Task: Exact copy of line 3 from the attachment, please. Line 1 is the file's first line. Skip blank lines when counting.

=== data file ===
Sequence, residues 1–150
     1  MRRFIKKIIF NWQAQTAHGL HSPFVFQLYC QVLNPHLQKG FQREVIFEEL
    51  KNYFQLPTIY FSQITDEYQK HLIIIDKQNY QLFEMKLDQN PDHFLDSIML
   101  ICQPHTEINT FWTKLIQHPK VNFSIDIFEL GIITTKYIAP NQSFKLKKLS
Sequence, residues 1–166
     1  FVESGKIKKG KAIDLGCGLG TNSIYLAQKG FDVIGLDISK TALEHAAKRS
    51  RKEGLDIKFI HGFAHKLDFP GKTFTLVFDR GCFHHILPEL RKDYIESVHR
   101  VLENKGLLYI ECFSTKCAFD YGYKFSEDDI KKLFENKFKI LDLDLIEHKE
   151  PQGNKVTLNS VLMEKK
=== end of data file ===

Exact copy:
    51  KNYFQLPTIY FSQITDEYQK HLIIIDKQNY QLFEMKLDQN PDHFLDSIML